#961: Walkin’ Proud by Pete Klint Quintet

Peak Month: October 1967
6 weeks on CKLG chart
Peak Position #7
1 week Hitbound
Peak Position on Billboard Hot 100 ~ did not chart

The Pete Klint Quintet, formed in 1965 and was managed by Tom Jolas of Mason City, Iowa. The original line up for the quintet included: Pete Klint on guitar, bass player Jamie Wornsom, drummer Bill “Mo” Morisky, keyboard player John Peterson and backing guitarist Mike Hesselink. Under the leadership of the dynamic Larry “Pete” Klint, these Iowa recording stars established themselves as one of the top concert attractions throughout the entire Central U.S.A. In 1965 the band members were all 17 years old. The group was named as Lake Okoboji’s Roof Garden Balfroom’s “Band Of The Year” in 1967. At that time, this was one of the most prestigious awards that a group could acquire. In addition, they received several national citations from the National Ballrooms Operators Association (NBOA) for their professionalism. If you were a top Iowa or Midwest ballroom, from the Roof Garden, to the Danceland, to the Laramar, to Matters Ballroom, the Pete Klint Quintet rocked them all. The quintet’s leader, Larry Klindt, used the stage name Pete Klint.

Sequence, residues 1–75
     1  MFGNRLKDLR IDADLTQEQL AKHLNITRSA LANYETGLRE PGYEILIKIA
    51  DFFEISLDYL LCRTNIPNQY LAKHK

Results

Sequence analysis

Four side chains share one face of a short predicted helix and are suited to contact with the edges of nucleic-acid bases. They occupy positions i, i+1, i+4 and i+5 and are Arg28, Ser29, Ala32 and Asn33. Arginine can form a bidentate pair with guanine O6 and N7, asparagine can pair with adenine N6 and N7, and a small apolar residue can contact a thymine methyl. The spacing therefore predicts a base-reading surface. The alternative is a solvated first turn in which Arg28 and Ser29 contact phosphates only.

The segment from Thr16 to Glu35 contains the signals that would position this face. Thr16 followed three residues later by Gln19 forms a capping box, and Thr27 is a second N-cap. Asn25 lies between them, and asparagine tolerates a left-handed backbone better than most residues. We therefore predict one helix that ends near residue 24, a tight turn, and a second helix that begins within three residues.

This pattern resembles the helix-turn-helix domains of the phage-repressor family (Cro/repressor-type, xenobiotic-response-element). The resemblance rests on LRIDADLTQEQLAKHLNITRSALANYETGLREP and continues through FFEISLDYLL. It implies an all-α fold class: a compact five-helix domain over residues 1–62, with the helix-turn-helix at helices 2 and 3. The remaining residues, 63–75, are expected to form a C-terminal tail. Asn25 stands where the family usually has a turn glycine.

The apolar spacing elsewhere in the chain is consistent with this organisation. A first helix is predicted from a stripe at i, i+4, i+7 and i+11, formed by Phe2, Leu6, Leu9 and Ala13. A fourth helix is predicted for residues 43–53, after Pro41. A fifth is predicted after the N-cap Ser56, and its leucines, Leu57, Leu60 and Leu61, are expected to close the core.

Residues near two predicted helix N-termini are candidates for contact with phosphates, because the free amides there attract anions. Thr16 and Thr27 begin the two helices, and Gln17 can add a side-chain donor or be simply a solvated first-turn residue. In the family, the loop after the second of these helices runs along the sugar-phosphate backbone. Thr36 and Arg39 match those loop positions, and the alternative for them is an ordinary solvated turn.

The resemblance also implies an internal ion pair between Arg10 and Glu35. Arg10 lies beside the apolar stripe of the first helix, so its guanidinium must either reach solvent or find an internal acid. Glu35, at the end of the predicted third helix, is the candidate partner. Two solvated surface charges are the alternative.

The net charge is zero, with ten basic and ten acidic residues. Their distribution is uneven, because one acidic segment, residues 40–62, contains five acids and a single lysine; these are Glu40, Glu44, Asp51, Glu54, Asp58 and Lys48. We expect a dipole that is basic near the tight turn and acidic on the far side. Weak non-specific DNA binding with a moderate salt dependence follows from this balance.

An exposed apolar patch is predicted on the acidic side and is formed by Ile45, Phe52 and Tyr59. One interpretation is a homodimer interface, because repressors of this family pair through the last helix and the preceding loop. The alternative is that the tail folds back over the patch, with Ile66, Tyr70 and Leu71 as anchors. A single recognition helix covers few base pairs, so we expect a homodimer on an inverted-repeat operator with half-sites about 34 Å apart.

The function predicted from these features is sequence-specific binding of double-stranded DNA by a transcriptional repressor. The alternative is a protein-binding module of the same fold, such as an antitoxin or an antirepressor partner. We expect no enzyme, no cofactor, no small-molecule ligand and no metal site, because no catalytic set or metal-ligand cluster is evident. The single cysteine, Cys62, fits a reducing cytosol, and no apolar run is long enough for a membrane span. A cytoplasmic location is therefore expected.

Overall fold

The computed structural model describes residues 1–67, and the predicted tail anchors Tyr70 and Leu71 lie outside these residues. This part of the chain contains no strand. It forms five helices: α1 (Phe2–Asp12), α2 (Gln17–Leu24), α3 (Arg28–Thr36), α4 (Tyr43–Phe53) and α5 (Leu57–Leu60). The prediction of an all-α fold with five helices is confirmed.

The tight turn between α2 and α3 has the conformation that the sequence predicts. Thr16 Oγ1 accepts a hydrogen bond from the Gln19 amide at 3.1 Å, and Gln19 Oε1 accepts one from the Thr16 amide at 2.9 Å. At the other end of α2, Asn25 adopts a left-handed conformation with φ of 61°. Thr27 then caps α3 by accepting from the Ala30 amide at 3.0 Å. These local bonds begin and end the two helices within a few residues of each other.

John Peterson was a member of the Mason City High School band before he joined the The Pete Klint Quintet. Peterson’s four  high school buddies, Larry “Pete” Klindt, Jamie Wornsom, Mike Hesselink and Bill Morisky got together to form a band so they could participate in a statewide battle of the bands contest. The contest was sponsored by Des Moines radio station KIOA and was an annual event at the time for the station. All band mates were impacted at the young age of eleven when on February 3, 1959, a Beechcraft Bonanza chartered plane crashed nine miles from Mason City, Iowa, killing Buddy Holly, J.P. Richardson (The Big Bopper) and Ritchie Valens. The date marked the beginning of a journey into pop culture.